Joelle Thomson

Writer, author, journalist

Month: October 2017 (page 1 of 4)

Trinity Hill Homage… the journey of a great Syrah

Best ever is a big claim but when the product in question has evolved as radically as the new 2015 Trinity Hill Homage Syrah has, it’s a claim worth investigating. Last month a bunch of wine writers had the chance to do just that at a tasting of every vintage of Homage ever made in Hawke’s Bay. I was invited .

The newest wine from 2015 is the best yet, and next month you can taste it, alongside two others – from 2013 and 2014 – at a Trinity Hill tasting at Regional Wines & Spirits on Thursday 16 November from 6pm to 8pm. Well, that is, you can taste, if you have booked a spot because this tasting sold out almost as soon as we opened it up. If you’re keen to come along, you can get on our waiting list – email John Shearlock at

And if you’re as interested in reading as you are in tasting, stay with me.

Homage is Trinity Hill’s flagship wine and was first made in 2002 to highlight the potential of the Syrah grape and Hawke’s Bay. Back in 2002, Syrah and Hawke’s Bay were like a newly wed couple. Untested, unproven and, in most wine drinkers’ minds, a partnership that had yet to be properly consummated. So, a flash wine with a $105 (give or take) price tag could have been seen as a risky proposition, if it wasn’t for the fact that it was so impressively made from day one.

The wine has since gone on to gather a following of Syrah devotees, not only in New Zealand, but around the world. Which is no mean feat for a wine that is made in relatively small quantities – about 600 bottles are produced in years when Homage is made, so there’s not a lot to go around. About a third of the production is sold directly into bars and restaurants before it has even left the winery.   

Last month I was lucky enough to try every vintage of Trinity Hill Homage ever made, and the best vintages, were, in my view, – 2015, 2014, 2013. The very best of the bunch is the newest from 2015.

Like all vintages of Homage, the 2015 is a statement wine. Big, bold and powerful but it is also more approachable than many Syrahs are when they’re first launched onto the market. This is because the wine has evolved significantly since it was first made.

To begin with, the use of oak has changed. Initially,100% new French oak was used during the wine’s maturation process and Homage has always been bottled in a weighty bottle to suggest a big wine. The bottle remains, but today the wine has taken a turn in an elegant new direction – and it’s all the better for it.

Whole bunches were introduced to the fermentation in 2013, which was when the amount of new oak began to decline too, thankfully. And – perhaps not so thankfully but understandably, given the extra care in the winemaking – the price has risen – to about $135 a bottle, give or take a dollar or two at different retailers.

The burning question is: Is Homage a better wine as a result of these changes?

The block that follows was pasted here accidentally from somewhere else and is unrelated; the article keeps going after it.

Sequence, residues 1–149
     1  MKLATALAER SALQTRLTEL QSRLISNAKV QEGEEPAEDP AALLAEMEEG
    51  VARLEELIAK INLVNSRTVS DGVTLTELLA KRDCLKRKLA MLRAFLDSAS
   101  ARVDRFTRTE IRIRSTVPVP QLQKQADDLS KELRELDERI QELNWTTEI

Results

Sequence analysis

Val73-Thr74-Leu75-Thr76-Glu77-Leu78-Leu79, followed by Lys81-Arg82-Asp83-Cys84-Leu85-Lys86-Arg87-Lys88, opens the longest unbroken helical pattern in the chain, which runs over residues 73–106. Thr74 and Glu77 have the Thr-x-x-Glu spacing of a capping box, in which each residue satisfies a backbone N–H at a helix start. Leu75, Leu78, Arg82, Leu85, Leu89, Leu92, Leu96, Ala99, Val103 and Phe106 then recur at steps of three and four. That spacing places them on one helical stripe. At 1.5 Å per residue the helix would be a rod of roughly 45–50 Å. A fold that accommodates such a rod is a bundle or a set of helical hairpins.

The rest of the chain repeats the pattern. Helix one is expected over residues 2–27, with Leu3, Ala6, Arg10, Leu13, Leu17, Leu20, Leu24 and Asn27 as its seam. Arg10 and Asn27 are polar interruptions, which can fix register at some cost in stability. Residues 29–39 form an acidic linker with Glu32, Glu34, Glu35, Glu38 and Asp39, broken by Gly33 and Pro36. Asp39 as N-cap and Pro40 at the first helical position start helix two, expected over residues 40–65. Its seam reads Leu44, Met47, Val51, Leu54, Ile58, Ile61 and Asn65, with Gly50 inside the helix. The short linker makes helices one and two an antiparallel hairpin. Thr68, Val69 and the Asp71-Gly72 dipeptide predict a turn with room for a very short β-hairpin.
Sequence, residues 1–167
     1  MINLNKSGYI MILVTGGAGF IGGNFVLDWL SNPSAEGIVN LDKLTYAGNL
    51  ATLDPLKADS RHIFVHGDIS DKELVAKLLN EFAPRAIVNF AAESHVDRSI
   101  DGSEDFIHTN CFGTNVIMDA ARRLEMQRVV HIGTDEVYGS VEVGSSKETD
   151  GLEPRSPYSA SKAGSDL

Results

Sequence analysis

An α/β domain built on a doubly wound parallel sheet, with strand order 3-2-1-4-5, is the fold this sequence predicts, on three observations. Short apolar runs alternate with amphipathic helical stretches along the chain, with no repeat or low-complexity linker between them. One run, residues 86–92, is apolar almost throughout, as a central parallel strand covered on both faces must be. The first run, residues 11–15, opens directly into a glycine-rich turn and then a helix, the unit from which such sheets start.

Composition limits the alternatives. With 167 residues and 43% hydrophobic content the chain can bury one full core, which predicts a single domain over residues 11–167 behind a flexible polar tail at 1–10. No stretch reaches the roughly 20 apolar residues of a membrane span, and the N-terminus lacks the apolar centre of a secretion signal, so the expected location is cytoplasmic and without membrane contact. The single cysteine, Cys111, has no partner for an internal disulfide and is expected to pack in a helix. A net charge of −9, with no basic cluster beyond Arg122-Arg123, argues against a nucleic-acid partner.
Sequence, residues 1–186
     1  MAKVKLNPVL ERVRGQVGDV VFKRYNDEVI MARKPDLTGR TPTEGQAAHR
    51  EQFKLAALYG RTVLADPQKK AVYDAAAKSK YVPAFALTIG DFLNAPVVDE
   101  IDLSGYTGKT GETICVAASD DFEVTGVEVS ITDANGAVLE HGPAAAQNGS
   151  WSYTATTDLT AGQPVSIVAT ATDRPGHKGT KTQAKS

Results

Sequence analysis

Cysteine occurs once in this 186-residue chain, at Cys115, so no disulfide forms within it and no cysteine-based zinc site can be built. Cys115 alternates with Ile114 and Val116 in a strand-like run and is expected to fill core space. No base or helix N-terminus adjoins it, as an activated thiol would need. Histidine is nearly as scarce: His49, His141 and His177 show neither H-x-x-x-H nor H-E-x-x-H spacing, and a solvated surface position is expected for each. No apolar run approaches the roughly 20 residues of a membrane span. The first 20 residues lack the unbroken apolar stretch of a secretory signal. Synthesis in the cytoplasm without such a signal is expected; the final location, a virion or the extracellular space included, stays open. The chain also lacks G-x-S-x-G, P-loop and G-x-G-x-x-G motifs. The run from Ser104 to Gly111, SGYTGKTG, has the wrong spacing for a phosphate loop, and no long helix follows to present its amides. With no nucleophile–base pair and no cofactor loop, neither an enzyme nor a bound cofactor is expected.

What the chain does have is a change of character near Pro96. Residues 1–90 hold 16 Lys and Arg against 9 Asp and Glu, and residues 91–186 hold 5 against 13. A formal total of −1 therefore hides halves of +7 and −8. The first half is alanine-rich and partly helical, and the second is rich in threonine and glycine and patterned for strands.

As Meg Ryan said in When Harry met Sally, yes, yes, yes.

The 2015 Trinity Hill Homage is fresh off the bottling line and is undoubtedly the best vintage of Homage ever, in my view.

New Zealand wine writers were invited to Hawke’s Bay last month (September 2017) to taste every vintage of Homage: 2002, 2004, 2006, 2007, 2009, 2010, 2013, 2014 and 2015.

The style of the wine has changed noticeably and while age comes into the stylistic diversity of a vertical tasting like this, the better wines are from 2013, 2014 and 2015 – a string of exceptionally good vintages in Hawke’s Bay. Each of these years had temperatures which were drier, sunnier and warmer than usual.

Winemakers Warren Gibson and Damian Fischer considered the amount and type of oak they used and decided to reduce it because they wanted to change the texture of the tannins and how dense they feel in the mouth. The wine will no doubt continue to evolve and I’m looking forward to tracking its journey in the future.

In the meantime, next month we are tasting an impressive line up from Trinity Hill Winery, including the three most recent vintages of Homage.

If you can’t join us in the flesh, join us in spirit and head down to Regional Wines to pick up a bottle of the outstanding 2014 Trinity Hill Gimblett Gravels The Gimblett or push the boat out and buy the latest Homage. As many famous people have supposedly said – and it is true – we only regret the things we don’t do.

 The Trinity Hill tasting

Taste Trinity Hill at Regional Wines on Thursday 16 November, 6pm to 8pm, $45 per person. This tasting is now booked out but you can join our waiting list. Email John Shearlock, tastings coordinator at:

 Here are the wines we will taste:

2016 Trinity Hill Gimblett Gravels Marsanne Viognier

2016 Trinity Hill Gimblett Gravels Chardonnay

2016 Trinity Hill Gimblett Gravels Tempranillo

2015 Trinity Hill Gimblett Gravels Syrah

2014 Trinity Hill Gimblett Gravels The Gimblett

2015 Trinity Hill Homage

2014 Trinity Hill Homage

5 top drops… wines I never thought I would love

A dead French novelist once wrote that real discoveries are not about seeing new people, places or things, but seeing the same people, places and things with new eyes.

Apparently, he was quoting someone else but I’ve always liked the idea. And it’s been top of mind in the last three weeks of travel, tasting and writing; here are the 5 most surprising wines that I gave high wine scores to in tastings.

La Marca was first made in 1968  and is now available   in New Zealand.



La Marca Prosecco $26 to $28

Joelle’s rating: 17.5/20

Meet La Marca, which is new to New Zealand this month and is a cooperative wine made from grapes grown by over 5000 growers who sell their grapes to 9 cooperative wineries to produce this bubbly. It was first made in 1968 and was awarded a ‘Top 100 wines of the year’ by Wine Spectator magazine in 2007, which is pretty surprising given the light citrus flavours, frizzante style fizziness (i.e., not fully sparkling as a champagne is) and the lack of sweetness (1.7 grams per litre of grape sugar makes this wine bone dry – a big contrast to many Proseccos). Perhaps this is exactly what I like about La Marca – it’s dry, it’s fresh, it’s too easy to drink. Forget cider. I’ll opt for a Prosecco like this one any day.


Pinot Gris

2016 Mahana Estates Pinot Gris $25 to $29

Joelle’s rating: 18.5/20

Pinot Gris pales into significance when positioned next to its terpene fuelled kin, such as Riesling and Gewürztraminer, says winemaker Michael Glover, who decided to change his methods in making wine from Pinot Gris by seeing it as a copper coloured grape rather than a white one.